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SNAKE

indo-european snake angis angui aži wąż užovka unke serpens serpent sarpa naga icon

In most of the Indo-European languages the first sound in this word is nasal either "en", "un", "an" or "am".

Second sound is: "h", "k", "g", "ž", "s".

In many languages the same word was used to name an "eel" because that animal is simply a snake that lives in water.

Old High German "unc" might come from an earlier "uns" or rather "ųž". Compare it to Russian "уж (už)".


ANG-

--> Estonian: angerjas

--> Finnish: ankerias

Latin: anguis

Old Prussian: angis

Lithuanian: angis

Latin: anguilla ("eel")

Dalmatian: anǧola ("eel")

Old Prussian: angurgis ("eel")


NAG-

Sanskrit: नाग (nāgá)


NG-

Albanian: ngjalë ("eel")


AŽ- AS-

Avestan: aži

Northern Kurdish: ejî (ažî)

Parthian: ʾjdhʾg (až-δahāg)

Classical Persian: اژدها‎ (aždahā)

Book Pahlavi: ʾc' (az)

Manx: astan


-AG-

Persian: یغنیج‎ (yağnij)


AH-

Sanskrit: अहि (áhi) ("snake, the serpent of the sky, the demon Vritra, cloud, water, the number eight")

Pali: ahi


AU-

Old Armenian: աւձ (auž, awj)

Tocharian B: auk


AI-

Khowar: اي‎ (aī)


U-

Old East Slavic: ꙋжь (užĭ)

Russian: уж (už)

Czech: užovka

Slovak: užovka

Old High German: unc

German: Unke

Lithuanian: ungurys ("eel")


VUG-

Lower Sorbian: wugoŕ, hugoŕ ("eel")


VUN-

Polabian Drevani: wundžor, wundior ("eel", a regular change of Slavic g to ž or di)


VUŽ-

Belarusian: вуж (vuž)

Ukrainian: вуж (vuž)

Lower Sorbian: wuž, huž

Upper Sorbian: wuž


VON-

Polabian: vǫďör ("eel")


VEN-

Polish: węgorz ("eel")


VUH-

Belarusian: ву́гар (vúhar), вуго́р (vuhór) ("eel")

Upper Sorbian: wuhoŕ ("eel")

Ukrainian: вуго́р (vuhór) ("eel")


UG-

Russian: у́горь (úgorʹ) ("eel")

Serbo-Croatian: у̀гор, ùgor ("eel")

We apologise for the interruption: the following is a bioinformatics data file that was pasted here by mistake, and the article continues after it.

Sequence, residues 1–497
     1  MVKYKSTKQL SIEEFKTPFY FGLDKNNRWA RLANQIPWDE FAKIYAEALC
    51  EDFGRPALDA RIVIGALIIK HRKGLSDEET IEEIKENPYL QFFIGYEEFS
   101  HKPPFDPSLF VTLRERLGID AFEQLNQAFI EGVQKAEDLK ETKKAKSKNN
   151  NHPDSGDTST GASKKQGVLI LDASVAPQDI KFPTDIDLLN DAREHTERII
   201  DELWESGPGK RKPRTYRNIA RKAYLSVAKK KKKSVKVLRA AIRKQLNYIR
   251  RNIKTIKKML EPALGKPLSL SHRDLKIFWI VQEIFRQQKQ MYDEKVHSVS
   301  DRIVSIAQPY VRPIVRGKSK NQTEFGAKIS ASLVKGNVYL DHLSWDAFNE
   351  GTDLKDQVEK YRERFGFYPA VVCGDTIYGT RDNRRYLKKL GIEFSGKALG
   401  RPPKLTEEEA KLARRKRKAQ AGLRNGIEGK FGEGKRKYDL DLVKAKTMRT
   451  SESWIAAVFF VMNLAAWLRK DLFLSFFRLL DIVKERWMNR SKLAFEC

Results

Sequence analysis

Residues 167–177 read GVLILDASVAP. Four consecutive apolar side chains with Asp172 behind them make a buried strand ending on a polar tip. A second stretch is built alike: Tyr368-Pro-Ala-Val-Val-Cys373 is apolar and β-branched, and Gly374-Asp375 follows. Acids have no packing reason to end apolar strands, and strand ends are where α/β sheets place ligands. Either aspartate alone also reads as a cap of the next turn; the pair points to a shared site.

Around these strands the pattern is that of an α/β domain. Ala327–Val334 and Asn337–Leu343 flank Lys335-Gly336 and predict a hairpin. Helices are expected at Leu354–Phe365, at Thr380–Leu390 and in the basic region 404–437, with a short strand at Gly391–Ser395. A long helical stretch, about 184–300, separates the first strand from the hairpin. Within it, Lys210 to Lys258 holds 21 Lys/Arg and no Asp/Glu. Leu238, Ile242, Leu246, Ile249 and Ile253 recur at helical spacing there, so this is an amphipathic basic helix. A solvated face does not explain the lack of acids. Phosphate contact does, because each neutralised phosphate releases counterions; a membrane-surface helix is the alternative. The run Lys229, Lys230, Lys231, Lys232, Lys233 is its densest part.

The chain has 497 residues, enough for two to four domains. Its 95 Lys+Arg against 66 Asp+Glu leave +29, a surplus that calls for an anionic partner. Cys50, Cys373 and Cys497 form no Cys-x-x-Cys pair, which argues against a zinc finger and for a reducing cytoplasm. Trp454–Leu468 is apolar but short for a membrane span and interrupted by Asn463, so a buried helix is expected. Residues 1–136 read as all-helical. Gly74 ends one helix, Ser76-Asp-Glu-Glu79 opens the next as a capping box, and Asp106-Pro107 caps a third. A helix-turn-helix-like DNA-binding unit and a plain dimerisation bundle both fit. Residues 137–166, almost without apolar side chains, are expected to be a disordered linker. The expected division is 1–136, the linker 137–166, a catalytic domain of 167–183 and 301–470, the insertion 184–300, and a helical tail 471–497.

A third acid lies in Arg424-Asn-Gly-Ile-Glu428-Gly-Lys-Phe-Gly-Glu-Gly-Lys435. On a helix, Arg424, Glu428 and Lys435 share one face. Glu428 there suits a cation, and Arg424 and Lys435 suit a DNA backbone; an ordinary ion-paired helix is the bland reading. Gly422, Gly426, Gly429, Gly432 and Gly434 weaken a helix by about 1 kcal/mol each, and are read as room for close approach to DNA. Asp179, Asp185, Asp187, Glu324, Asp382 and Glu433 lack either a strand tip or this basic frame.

UH-

Czech: úhoř ("eel")

Slovak: úhor ("eel")


O-

Slovene: ọ́ž

Armenian: օձ (ōž, ōj)

Latvian: odze

Armenian: օձաձուկ (ōjajuk) ("eel")

Old Church Slavonic: ѫгорищь (ǫgorištĭ) ("eel")

Slovene: ogọ̑r ("eel")


VOŽ-

Kashubian: wąż

Polish: wąż

Slovene: vọ̑ž, gọ́ž

Serbo-Croatian Chakavian: u̯õš


E-

Ancient Greek: ἔχις (ékhis)

Old Irish: escong ("eel")

Irish: eascann

Scottish Gaelic: easgann

Ancient Greek: ἔγχελυς (énkhelus) ("eel")




SERP-

Latin: serpēns

Catalan: serp, serpent

English: serpent

Esperanto: serpento

French: serpent

Galician: serpe, serpente

Interlingua: serpente

Italian: serpe, serpente

Maltese: serp

Occitan: sèrp

Portuguese: serpente

Sicilian: serpi, serpenti, sirpenti

Spanish: sierpe, serpiente

Walloon: sierpint

Romanian: șerpânță

Romansch: serp, serpent, serpaint


HERP-

Ancient Greek: ἑρπετόν (herpetón) ("any animal which walks on four legs, creeping animal, reptile, especially a snake, living being")


HAR-

Dhivehi: ހަރުފަ‎ (harufa)


SARP-

---> Telugu: సర్పము (sarpamu)

---> Kannada: ಸರ್ಪ (sarpa)

---> Tamil: சர்ப்பம் (carppam)

---> Sinhalese: සර්පයා (sarpayā)

---> Malayalam: സർപ്പം (sarppaṃ)

Sanskrit: सर्प (sarpá)

Gujarati: સર્પ (sarp)

Hindi: सर्प (sarp)

Marathi: सर्प (sarp)

Aromanian: sharpi

Romanian: șarpe

Romansch: siarp

Friulian: sarpint


SORP

Bengali: সর্প (sôrp)

Konkani: सोरोप (sorop)


SARF-

Welsh: sarff


ORP-

Aeolic Greek: ὄρπετον (órpeton)


SAP-

Bengali: সাপ (sap)

Marathi: साप (sāp)

Hindi: साँप (sā̃p)

Gujarati: સાપ (sāp)

Romani: sap

Punjabi: ਸੱਪ (sap), سپ‎ (sapp)

Old Marathi: sāpa

Nepali: साँप (sā̃pa)

Maharastri Prakrit: sappa

Pali: sappa

Sauraseni Prakrit: sappa

Thai: สัปปะ (sàp-bpà)

Sindhi: سپُ‎ / सपु (sapu)

Oriya: ସାପ (sapô)


HAP-

Assamese: সাপ (hap)


HAF-

Sylheti: haf


Article created on the 7th of April 2019. Last updated on the 20th of December 2020.